The figure of the missionary proposed by the documents of the Church today has much in common with what Francis of Assisi suggested in his missionary service, and its essential manifestation is witness with one’s life.
Jesus Christ proclaimed “the kingdom of the Father” not only through the preaching of the word, but also through the witness of his life (cf. Lumen Gentium35), and “the witness of the Christian life and good works done with a supernatural spirit have the power to attract men to faith and to God” (Catechism of the Catholic Church, 2044). The fact that Christians have the duty to show God “the new man with the example of their life and with the testimony of their word” (Ad Gentes11), also says Pope St. Paul VI, noting that bearing witness is the first and necessary means of evangelization, since “modern man listens more willingly to witnesses than to teachers, or if he does listen to teachers, it is because they are of witnesses” (Evangelii Nuntiandi41).
Undoubtedly, St. Francis was a witness for his time and still is for ours, because even today he announces to the world the “message of Christ” through his friars. Thomas of Celano called him the “new evangelist” who, before going to the others, submitted himself to the action of the Gospel, allowing his heart to be transformed. Under the cross of San Damiano he asked to illuminate the darkness of his heart and, before acting, he implored discernment. The Poverello, not knowing his own path, asked for the light of a God full of glory and goodness. First he himself was preached the Good News, which he embraced, and only then did he begin to share what was revealed to him by the Lord. Francis was so fixated on Jesus that, despite his predisposition to live a hidden life, he decided to become a missionary following the example of the Master, who was sent by the Father to bring salvation to men. However, he discovered that being a missionary does not consist above all in preaching, but in immersing oneself in the mission of Christ in order to “live according to the form of the holy Gospel” (Will, 14; FF 116).
Today’s missionary spirituality also indicates interior adherence to Christ as something essential, since “one cannot understand and live the mission without referring to Christ as the one sent to evangelize” (Redemptoris Missio88).
In sharing the Gospel with others, Francis did not just use the word of proclamation as the only means of contributing to the conversion of others. A great role was played by the example of life. When he asked to give this example, he didn’t do it without foundation. He tried to show with his own life what the Rule proposed, and the Rule reminded the friars that they had to preach above all with their actions and with their own lives. This recommendation should especially be implemented when other people speak and live badly. In this case the Friars Minor must have the praise of God on their lips and do good works, “do not make quarrels or disputes, but be subject to every human creature for the love of God and confess that they are Christians” (Rule not stamped XVI, 6; FF 43). And only then, when they deem it right and “when they see that it pleases the Lord, they proclaim the word of God…” (Rule not stamped XVI, 7; FF 43). Undoubtedly the first Franciscans, living according to the recommendations of the Rule, attracted attention quite easily, not only by their fraternal attitude towards one another, but, by opting for the least and living in poverty, they were a sort contrast with the world at that time, even with the religious world, and “those who saw them marveled and shouted: «We have never seen religious dressed like this»”.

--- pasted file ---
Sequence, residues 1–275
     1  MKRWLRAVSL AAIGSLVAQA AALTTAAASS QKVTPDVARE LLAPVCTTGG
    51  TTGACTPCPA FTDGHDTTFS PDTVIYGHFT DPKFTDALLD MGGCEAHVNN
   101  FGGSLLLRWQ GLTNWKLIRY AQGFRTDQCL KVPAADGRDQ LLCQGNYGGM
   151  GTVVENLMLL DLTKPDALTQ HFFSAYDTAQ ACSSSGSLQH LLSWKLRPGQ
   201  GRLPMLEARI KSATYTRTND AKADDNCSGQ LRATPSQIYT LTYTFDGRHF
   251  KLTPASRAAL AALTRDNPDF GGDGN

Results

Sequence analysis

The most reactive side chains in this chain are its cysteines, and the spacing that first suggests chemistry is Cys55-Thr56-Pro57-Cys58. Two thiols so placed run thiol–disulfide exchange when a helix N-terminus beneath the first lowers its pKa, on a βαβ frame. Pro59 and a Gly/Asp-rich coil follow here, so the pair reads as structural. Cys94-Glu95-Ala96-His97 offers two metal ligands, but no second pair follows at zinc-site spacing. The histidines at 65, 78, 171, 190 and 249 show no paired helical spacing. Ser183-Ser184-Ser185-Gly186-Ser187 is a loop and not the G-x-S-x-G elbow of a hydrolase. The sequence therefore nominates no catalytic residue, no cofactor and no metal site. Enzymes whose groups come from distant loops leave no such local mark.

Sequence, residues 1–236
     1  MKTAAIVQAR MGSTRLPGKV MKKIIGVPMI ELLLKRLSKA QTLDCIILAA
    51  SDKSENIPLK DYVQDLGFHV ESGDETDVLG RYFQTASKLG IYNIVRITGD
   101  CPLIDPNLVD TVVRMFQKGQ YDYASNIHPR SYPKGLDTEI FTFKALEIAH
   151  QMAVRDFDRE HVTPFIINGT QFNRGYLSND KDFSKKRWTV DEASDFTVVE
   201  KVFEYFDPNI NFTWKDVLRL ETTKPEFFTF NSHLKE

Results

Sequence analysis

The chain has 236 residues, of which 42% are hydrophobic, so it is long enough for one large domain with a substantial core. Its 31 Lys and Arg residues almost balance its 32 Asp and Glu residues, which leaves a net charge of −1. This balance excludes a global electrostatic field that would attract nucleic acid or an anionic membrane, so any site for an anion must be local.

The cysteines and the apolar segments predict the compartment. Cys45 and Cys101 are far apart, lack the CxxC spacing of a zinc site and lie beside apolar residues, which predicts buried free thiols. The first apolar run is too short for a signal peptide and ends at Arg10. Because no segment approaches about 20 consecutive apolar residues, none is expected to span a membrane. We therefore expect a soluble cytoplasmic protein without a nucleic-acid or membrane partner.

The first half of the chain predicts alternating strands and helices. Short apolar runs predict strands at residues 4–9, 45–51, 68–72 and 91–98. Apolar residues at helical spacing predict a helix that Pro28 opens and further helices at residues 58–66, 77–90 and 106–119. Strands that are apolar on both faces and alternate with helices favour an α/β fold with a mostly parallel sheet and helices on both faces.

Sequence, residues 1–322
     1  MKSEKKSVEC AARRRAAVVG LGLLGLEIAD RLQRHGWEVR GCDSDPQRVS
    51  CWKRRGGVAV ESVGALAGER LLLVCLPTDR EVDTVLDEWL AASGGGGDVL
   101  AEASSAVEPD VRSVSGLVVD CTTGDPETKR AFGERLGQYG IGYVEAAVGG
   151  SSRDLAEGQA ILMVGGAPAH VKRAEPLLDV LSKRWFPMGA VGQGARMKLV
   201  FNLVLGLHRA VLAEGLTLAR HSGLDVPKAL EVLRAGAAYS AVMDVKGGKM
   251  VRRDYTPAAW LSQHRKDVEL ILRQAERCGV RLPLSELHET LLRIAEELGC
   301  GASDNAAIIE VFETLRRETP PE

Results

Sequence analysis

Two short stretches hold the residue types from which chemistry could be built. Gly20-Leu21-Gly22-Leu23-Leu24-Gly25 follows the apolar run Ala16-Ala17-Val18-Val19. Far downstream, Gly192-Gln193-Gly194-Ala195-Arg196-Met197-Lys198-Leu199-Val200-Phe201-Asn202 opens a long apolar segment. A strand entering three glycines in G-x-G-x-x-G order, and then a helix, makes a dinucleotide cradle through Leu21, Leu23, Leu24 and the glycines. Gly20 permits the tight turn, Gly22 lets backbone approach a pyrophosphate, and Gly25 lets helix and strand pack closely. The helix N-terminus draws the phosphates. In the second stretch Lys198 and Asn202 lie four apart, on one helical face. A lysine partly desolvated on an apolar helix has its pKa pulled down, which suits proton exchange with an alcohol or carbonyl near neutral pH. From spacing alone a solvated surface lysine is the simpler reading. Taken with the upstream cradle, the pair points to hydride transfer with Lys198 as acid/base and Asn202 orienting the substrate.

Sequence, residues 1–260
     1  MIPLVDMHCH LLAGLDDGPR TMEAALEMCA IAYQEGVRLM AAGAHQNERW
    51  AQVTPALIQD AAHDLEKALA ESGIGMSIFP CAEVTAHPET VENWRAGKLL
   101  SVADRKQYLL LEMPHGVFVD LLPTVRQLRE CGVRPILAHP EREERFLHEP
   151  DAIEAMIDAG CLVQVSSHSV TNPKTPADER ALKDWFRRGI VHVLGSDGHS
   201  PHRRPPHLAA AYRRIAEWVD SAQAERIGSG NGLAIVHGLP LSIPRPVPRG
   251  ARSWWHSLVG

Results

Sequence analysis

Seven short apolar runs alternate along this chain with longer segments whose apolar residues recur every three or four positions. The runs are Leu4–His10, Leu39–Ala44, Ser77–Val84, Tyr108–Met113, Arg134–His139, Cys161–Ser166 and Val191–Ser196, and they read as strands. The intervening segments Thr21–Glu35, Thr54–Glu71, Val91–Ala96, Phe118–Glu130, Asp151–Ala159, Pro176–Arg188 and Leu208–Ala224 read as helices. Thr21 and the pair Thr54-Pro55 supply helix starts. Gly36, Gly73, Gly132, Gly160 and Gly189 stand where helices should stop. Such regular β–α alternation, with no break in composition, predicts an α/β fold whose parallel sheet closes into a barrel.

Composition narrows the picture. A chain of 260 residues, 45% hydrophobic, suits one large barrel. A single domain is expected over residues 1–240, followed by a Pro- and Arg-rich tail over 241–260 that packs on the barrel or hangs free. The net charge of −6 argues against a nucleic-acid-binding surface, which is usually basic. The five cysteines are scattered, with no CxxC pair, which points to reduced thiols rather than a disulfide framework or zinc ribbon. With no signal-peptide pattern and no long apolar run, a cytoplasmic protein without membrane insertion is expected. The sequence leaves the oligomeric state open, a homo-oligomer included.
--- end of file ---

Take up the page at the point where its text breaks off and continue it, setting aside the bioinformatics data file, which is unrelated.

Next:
This attitude has lost none of its relevance even today, because “the evangelical testimony to which the world is most sensitive is that of attention to people and charity towards the poor and the little ones, towards those who suffer” (Redemptoris Missio, 42). This Franciscan approach to the question of evangelization is very much in line with what the papal encyclicals currently propose. In the first place, the missionary testifies with his life (cf. ibid., 42), and thus opens the way for the work of evangelization to carry it out “through the gift not only of the word proclaimed, but also of the word lived” (Veritatis Splendor, 107). Witness, on the other hand, is at the service of faith, because faith grows and is strengthened by giving it (cf. Redemptoris Missio, 2). In other words, for the transmission of the faith to be effective, prayer and action must be intertwined, especially where evangelizing through the witness of one’s life “is in many cases the only possible way to be a missionary” (Redemptoris Missio42).